It wasn’t until Tina Mabry saw Kimberly Peirce’s Boys Don’t Cry and Gina Prince-Bythewood’s Love & Basketball that she decided she had to pursue a career in film.
Mabry was born in Tupelo, Mississippi and attended the University of Mississippi for college. After completing her bachelor’s, she moved to Los Angeles and received her MFA in Cinema and TV from the University of Southern California.
During her final year at USC, she directed her first short film, Brooklyn’s Bridge to Jordan. “This was the first time I had to think about fundraising and gathering a semi-large crew. It was only a six day shoot, but it felt like an eternity because I was wearing more than just the writer/director hats, but also producer, editor, location manager, UPM, etc. Once I finished the film, I put it on the festival circuit and it got into over 50 film festivals worldwide. It even made it on Showtime, LOGO, and BET, which made the rough production days worth it,” Mabry said in an interview on Fast, Cheap Movie Thoughts.
While she was working on her short film, an opportunity came up to write a comedic feature for Jamie Babbit. The film, Itty Bitty Titty Committee, premiered at the Berlin Film Festival in 2007.
For her next project, Mabry stepped behind the camera again. She wrote and directed Mississippi Damned which premiered in 2009. Mabry drew inspiration from her childhood, upbringing, and family.
“Mississippi Damned is based on my family and I’ve always had an interest in telling it. I really wanted to explore the destructive cycles that pass on from generation to generation and more importantly, why those cycles continue,” Mabry said.
Like many other female directors, Mabry had difficulty funding her work. “We had an investor who was willing to put a considerable amount of funds into the project, but we wanted to make the film for a larger budget.”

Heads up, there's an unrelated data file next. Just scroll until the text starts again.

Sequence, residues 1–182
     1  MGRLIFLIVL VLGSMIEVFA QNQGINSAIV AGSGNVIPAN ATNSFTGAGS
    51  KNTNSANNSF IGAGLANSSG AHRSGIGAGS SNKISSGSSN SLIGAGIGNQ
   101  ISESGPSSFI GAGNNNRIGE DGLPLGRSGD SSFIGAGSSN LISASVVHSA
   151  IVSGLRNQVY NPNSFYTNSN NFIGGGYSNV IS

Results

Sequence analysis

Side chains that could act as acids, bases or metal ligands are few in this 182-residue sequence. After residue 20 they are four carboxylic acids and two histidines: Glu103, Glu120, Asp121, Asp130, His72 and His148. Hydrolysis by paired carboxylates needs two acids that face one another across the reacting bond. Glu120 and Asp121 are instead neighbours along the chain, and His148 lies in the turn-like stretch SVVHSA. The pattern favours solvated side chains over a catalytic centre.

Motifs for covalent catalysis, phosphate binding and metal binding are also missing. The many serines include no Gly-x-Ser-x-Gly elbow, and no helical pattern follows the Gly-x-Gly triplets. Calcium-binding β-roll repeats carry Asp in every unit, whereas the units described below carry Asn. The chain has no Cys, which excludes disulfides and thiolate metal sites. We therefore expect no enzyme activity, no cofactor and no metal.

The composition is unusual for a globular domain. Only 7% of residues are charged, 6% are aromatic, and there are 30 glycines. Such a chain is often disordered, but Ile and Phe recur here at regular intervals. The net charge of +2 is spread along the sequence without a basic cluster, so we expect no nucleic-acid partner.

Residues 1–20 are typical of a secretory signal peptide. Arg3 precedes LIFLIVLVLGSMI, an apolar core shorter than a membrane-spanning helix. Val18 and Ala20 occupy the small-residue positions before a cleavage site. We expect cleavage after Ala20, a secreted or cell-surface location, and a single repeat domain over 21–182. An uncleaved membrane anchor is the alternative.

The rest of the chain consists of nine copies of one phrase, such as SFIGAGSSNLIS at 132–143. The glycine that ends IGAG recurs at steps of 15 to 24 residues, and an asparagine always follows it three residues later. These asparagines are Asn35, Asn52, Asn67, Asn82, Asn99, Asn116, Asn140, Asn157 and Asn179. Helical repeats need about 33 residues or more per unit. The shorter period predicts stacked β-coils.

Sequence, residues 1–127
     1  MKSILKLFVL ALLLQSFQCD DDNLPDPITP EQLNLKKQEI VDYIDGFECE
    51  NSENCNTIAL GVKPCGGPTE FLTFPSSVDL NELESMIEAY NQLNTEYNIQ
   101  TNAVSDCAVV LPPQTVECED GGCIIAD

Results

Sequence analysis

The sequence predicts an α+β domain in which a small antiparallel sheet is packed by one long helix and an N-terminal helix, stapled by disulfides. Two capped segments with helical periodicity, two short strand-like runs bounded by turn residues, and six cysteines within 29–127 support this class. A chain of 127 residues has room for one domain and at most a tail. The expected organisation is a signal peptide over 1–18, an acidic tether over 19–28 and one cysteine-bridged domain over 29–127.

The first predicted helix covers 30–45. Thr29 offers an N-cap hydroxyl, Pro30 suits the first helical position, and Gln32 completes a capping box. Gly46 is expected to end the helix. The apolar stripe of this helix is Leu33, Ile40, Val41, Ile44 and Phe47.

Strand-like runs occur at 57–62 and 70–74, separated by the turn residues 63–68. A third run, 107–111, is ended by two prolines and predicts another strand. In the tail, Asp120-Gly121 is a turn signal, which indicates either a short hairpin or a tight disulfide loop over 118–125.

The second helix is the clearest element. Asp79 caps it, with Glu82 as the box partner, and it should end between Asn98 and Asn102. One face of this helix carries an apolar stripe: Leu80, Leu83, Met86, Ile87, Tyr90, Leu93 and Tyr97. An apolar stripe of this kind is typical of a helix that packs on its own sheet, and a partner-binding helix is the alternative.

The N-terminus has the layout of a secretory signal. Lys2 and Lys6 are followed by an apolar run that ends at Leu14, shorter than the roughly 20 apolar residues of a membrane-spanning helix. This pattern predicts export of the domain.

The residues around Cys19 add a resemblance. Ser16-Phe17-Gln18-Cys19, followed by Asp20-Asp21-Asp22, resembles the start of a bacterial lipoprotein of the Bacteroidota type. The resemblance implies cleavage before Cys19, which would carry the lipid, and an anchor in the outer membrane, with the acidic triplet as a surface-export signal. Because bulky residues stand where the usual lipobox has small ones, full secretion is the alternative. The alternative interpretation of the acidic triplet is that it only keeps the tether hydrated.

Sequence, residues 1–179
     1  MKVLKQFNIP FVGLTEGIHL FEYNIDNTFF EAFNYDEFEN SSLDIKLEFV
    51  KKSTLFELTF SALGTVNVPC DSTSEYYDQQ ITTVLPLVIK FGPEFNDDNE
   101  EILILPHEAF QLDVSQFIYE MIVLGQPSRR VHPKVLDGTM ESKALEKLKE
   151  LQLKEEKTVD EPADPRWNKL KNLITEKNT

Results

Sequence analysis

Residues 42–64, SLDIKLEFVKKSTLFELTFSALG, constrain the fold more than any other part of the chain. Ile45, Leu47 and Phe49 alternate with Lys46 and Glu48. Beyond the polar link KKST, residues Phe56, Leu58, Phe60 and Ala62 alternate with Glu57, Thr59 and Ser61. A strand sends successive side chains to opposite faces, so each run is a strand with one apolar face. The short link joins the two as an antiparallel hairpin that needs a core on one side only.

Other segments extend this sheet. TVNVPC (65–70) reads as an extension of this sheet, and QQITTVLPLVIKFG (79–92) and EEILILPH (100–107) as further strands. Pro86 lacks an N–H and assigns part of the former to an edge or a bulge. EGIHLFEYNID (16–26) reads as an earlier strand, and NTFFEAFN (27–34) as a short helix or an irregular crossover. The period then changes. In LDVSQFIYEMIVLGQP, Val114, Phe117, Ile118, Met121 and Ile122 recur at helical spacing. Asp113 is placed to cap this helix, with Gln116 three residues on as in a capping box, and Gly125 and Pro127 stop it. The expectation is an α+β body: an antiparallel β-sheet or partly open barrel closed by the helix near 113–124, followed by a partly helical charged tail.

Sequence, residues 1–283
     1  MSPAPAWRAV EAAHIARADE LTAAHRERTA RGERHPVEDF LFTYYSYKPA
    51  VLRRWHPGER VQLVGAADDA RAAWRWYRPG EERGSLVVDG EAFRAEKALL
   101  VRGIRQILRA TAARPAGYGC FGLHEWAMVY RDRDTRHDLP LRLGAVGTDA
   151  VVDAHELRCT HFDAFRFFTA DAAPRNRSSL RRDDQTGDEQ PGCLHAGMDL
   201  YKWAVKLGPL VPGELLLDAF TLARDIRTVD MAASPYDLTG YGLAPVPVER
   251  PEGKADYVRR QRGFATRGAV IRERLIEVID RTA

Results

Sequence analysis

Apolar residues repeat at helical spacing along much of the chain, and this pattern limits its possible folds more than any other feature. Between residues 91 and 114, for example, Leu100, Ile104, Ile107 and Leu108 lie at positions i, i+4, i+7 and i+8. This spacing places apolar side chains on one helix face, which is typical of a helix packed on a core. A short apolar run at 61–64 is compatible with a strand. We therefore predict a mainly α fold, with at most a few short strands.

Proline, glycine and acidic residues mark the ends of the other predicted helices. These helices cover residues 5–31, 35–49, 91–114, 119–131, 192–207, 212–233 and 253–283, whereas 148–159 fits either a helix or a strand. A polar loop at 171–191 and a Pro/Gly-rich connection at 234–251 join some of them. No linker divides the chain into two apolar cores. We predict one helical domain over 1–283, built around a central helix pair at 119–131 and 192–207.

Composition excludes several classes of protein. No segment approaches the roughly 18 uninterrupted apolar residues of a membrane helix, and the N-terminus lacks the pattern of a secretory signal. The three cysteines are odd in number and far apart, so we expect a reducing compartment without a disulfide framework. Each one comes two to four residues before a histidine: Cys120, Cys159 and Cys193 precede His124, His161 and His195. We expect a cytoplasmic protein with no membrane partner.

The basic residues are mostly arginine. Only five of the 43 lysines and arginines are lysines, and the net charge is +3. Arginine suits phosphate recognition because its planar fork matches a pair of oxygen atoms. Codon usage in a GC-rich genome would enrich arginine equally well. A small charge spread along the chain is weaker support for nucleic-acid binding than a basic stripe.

The producer and editor on the film, Morgan Stiff, participated in Film Independent’s Producers Lab with the script and received the advice to make the film with the money Mabry had on hand.
“This was the best advice we could’ve received because we would still be out there trying to raise our initial budget. Morgan and her producing partner, Lee Stiff, were very creative when figuring out how to make a 109-page period piece script with 34 characters on our budget. When you have creative producers who are emotionally invested in the project, you’ve caught lightning in a bottle,” Mabry said.
The film follows the lives of three African Americans who are raised in a close knit community in rural Mississippi. They encounter abuse, molestation, addiction, poverty, and struggle with their own identities, sexual and otherwise. Leigh is an out lesbian teen, Sammy is a star athlete who suffers abuse from a family friend, and Kari is a talented musician who wants to leave Mississippi behind to attend NYU, but struggles to save money to attend. The film follows the characters from 1986 to 1998.
Mabry was nervous about her family’s reaction and showed them the film over Christmas 2008. “Even though they knew I was making a movie about them, I was still nervous about their reaction because actually seeing it makes all the difference. But it went really well, they really liked it. We had a lot of laughs and a lot of tears. You know, I didn’t make this film to judge and I don’t want anyone to walk away judging this family. I hope they leave the theater knowing that these people really loved each other, despite their flaws. No one is perfect.”
Mississippi Damned was successful on the festival circuit, winning top prizes at the Chicago International Film Festival and Outfest. It premiered on Showtime in 2011 and is currently streaming on Netflix courtesy of Ava DuVernay’s ARRAY.
In the future, Mabry hopes to have the luxury of a more relaxed shooting schedule. “We shot Mississippi Damned on a tight budget and we had six-day shoots, which start to take a toll after a few weeks. The one thing I learned is that having a five-day shooting week would be the ideal production situation. I also learned about adapting to the given circumstances. Often times, you find yourself slightly behind schedule and you have to know what to cut and what to keep.”
In 2010, Mabry was awarded an United States Artists fellowship. In a conversation with GLAAD, she said she wants to see more LGBT characters of color on screen. “We need more visibility and more range when looking at our lives. It really angers me that we don’t have that range and that there is not much more to us on the screen that comedy. I will say that there are black LGBT films or films that have gay content in them, but we have to struggle to find those films, but they are out there. It’s up to us to support those films once we find them.”
Recently, she was named a producer and writer on OWN’s upcoming series, Queen Sugar, created by DuVernay and Oprah Winfrey.